Peru airs news in Quechua, indigenous language of Inca empire
TOK TOPICS: Language , Human Sciences , Indigenous Knowledge Systems , Ethics
Case Description: A national news Broadcast called “ Nuqanchik” focussing on the speakers of language spoken by around 8 million speakers in the parts of Peru, Ecuador, Bolivia, Colombia, Argentina and Chile and 4 million Peruvians was aired entirely in Quechua, the indigenous language of the Inca empire. Ñuqanchik – which means “all of us” in Quechua – the daily news programme is an attempt to bridge the economic and cultural gap between the Quechua and Spanish-speaking worlds.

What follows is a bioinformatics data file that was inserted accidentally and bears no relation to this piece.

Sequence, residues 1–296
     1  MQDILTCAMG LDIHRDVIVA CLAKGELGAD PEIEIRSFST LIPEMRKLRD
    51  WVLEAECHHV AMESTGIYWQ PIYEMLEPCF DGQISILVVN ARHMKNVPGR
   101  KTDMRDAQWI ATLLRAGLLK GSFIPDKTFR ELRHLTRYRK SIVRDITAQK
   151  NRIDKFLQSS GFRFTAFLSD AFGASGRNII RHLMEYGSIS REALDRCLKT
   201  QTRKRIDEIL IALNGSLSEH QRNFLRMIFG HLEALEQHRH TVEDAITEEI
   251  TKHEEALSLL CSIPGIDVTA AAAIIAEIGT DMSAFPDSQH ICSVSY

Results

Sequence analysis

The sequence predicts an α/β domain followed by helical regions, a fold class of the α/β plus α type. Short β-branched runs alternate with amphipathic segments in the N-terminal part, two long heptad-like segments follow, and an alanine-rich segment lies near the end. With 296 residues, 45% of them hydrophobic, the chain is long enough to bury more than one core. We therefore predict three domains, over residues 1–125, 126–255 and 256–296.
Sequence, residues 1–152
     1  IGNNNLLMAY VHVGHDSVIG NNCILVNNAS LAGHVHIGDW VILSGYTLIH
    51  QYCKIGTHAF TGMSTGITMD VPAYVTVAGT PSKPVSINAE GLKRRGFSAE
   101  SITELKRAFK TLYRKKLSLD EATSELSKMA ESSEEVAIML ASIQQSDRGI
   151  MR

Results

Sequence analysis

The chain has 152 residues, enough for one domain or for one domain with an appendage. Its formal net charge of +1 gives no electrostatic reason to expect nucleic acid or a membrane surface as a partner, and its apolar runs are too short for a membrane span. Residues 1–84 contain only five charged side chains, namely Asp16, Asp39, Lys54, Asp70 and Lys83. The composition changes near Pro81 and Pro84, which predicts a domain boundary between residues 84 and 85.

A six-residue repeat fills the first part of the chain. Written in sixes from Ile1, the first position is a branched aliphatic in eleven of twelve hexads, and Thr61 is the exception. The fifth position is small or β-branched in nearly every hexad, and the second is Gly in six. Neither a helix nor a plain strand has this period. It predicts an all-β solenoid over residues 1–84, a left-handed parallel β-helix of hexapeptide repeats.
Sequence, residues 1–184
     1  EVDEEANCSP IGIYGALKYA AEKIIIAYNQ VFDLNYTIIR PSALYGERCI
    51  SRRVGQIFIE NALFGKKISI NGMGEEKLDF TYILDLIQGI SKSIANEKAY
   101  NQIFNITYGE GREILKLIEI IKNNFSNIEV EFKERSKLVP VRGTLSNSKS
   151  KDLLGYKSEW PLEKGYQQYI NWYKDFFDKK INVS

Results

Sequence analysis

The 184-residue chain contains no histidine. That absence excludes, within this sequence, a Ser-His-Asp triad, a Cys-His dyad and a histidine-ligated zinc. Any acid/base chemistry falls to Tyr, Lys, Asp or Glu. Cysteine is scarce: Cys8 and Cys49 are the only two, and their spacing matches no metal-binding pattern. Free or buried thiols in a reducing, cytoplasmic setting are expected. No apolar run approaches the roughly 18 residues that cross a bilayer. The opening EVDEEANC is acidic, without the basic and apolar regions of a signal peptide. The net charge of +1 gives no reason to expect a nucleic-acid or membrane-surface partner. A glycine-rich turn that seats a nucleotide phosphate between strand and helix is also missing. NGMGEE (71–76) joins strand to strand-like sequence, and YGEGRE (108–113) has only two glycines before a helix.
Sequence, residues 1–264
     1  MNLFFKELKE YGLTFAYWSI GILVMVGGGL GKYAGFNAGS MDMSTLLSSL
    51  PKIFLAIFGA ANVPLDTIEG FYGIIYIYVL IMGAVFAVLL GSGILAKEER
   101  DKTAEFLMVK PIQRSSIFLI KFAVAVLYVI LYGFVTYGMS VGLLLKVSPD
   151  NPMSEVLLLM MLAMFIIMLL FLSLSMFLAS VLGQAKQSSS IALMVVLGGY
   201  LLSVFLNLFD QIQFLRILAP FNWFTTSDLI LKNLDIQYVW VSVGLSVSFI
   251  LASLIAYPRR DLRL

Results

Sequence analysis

Tok Link: Some Historians trace back the speakers of the Language to Peru’s earliest civilisations 5,000 years ago. About 13% of Peruvians speak Quechua fluently, but usage dwindled over generations as many parents deliberately did not teach the language to their children, fearing they would be rejected or mocked for using it. Even though it became one of Peru’s official languages in 1975, Quechua was synonymous with social rejection , and thus became synonymous with discrimination. Speakers often didn’t want to admit they spoke Quechua in order to be accepted by Spanish-speaking society. The news programme Ñuqanchik aims to transmit the news from the perspective of a Quechua speaker and transform the relationship between the government, the state, and those people who speak a language different from Spanish. Thus in future there will be a possibility of dialogue and an opportunity of understanding each other .
What is the role of Ethics in preserving Language?
To what extent preserving Language is critical to preserving the Indigenous Knowledge systems?